U.S. stock markets were thrown into turmoil Monday morning, when the Dow Jones Industrial Average fell by over 1,000 points at the opening bell, yet some analysts are predicting a sharp bounce, asserting that now is the time to buy equities.
The markets declined immediately following Monday's opening, extending the selloff that began last week. As NBC News points out, the last week's decline represents the worst for equities markets in over four years, prompted largely by fears over Chinese stocks. Two weeks ago, China devalued its currency, raising concerns among investors that one of the world's largest economies may not be as healthy as was believed.
The single most important piece of advice during a stock market crash: don't sell http://t.co/kEqGpIuVNI pic.twitter.com/AEBfFzwmFqDespite Monday morning's rout, a wide array of analysts were almost immediately predicting a bounce in stocks, saying that this week might represent a unique buying environment, at least for certain issues. Tony Dwyer, Canaccord Genuity's chief U.S. strategist, revealed in a Monday morning note that "key indicators" have reached levels where investors should consider buying.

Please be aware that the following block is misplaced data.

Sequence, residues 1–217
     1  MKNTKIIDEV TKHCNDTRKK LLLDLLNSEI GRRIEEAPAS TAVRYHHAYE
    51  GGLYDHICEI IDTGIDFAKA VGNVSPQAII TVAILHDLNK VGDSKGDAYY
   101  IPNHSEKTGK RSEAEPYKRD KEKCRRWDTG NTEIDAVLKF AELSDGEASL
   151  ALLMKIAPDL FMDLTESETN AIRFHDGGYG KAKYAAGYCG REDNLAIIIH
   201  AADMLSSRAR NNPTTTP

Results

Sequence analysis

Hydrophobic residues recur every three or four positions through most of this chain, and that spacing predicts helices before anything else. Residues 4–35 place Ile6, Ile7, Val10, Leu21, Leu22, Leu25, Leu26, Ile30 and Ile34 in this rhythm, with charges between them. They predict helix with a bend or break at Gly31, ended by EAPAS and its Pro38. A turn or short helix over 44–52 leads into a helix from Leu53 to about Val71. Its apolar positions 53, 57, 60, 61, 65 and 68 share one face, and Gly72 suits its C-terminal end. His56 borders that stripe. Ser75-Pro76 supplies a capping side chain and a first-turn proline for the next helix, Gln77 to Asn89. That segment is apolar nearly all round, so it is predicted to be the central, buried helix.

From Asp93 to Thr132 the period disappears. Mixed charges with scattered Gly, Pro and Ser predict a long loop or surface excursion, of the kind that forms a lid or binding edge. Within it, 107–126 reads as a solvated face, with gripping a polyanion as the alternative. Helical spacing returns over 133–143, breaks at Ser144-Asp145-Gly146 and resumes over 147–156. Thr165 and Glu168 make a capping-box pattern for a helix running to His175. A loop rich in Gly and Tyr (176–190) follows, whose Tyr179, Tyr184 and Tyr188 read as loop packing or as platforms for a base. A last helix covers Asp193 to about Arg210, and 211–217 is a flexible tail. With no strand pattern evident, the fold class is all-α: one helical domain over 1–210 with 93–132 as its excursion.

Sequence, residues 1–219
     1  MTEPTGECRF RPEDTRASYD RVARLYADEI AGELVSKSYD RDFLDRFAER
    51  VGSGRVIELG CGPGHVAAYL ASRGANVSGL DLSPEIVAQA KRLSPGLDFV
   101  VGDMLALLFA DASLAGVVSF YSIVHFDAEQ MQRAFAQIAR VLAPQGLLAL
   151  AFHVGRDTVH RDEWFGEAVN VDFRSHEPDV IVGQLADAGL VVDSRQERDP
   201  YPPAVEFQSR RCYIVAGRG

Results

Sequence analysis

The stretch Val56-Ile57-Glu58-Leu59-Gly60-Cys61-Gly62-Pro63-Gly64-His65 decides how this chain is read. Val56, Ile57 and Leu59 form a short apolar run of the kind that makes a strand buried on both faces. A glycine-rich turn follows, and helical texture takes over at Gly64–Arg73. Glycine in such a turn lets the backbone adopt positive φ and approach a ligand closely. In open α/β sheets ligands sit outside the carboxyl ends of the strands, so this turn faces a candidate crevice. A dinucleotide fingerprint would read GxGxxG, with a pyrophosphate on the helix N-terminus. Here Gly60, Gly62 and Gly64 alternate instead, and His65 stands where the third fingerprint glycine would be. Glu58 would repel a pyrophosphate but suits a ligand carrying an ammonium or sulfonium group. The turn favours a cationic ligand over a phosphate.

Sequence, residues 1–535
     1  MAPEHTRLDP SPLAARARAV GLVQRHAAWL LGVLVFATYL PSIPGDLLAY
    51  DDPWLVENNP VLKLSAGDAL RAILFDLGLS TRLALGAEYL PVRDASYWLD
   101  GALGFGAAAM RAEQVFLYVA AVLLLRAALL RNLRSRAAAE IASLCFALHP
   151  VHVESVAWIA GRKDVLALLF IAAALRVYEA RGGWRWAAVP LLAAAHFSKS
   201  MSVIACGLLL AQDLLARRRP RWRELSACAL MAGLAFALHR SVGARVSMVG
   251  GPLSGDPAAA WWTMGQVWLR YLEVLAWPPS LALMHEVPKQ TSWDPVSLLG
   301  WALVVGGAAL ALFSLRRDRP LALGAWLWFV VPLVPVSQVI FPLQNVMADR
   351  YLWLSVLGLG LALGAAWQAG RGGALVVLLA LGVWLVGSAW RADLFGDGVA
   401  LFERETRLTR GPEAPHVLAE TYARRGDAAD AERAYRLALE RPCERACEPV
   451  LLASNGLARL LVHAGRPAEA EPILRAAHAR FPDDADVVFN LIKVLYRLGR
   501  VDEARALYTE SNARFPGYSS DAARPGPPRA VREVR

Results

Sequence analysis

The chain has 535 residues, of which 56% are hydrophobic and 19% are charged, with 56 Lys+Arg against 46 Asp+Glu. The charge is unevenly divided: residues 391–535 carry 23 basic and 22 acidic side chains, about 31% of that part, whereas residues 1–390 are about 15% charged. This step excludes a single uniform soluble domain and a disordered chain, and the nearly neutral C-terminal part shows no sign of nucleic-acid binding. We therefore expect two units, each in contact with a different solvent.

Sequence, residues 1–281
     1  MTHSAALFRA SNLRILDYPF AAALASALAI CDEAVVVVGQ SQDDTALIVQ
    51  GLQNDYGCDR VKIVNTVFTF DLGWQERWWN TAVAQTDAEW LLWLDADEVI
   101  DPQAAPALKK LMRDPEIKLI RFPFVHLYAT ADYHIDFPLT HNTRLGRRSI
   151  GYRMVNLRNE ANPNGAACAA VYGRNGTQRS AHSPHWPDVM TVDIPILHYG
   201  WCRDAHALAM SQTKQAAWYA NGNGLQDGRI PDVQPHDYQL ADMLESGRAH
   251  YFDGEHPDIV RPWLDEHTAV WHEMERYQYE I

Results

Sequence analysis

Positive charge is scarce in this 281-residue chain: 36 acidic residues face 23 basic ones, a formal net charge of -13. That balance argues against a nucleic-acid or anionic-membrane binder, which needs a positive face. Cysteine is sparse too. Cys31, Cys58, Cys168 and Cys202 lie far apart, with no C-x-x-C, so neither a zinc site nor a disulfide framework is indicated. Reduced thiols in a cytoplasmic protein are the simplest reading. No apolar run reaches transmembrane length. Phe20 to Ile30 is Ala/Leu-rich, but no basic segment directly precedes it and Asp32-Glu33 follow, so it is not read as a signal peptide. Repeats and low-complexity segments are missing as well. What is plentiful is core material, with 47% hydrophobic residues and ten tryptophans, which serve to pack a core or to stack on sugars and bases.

— Vox (@voxdotcom) August 24, 2015
"With such pronounced weakness underneath the widely followed indices, we believe much of the global economic and Fed-related uncertainty is largely priced into the average stock, and now even the closely watched indices."
Here's what's happening to the stock market http://t.co/DN0jOGPWNx pic.twitter.com/bxf5btyqDVDwyer cited four indicators that signal an opportunity to take a bullish position on stocks, including a rise in the the CBOE Volatility Index and a lower number of S&P 500 stocks above their individual short-term moving averages. Jonathan Golub, RBC's chief U.S. market strategist, cited a lack of a catalyst behind last week's decline as a signal that investors might want to consider purchasing stocks, as CNBC points out.
— The Atlantic (@TheAtlantic) August 24, 2015
"2Q corporate results have broadly surprised to the upside and signs of global financial distress remain well-contained. History shows that buying stocks following a spike in volatility in the absence of a well-defined catalyst is a winning strategy."
The stock market plunge, in perspective. (10-year chart.) pic.twitter.com/M30thHhkrvDespite a deluge of panic Monday morning, economist Justin Wolfers managed to put the markets' decline in perspective. As Vox pointed out, he tweeted a 10-year-chart that highlighted the fact that the current downturn pales in comparison to the gains made in stocks over the last decade, or even the last five years.
— Justin Wolfers (@JustinWolfers) August 24, 2015
With analysts expressing a bullish outlook in the near-term, investors may want to be careful about selling off any of their holdings. In the long-term, the markets have shown robust growth, meaning investors may want to consider the current decline a unique opportunity to buy stocks or increase their positions.
[Photo by Spencer Platt / Getty Images]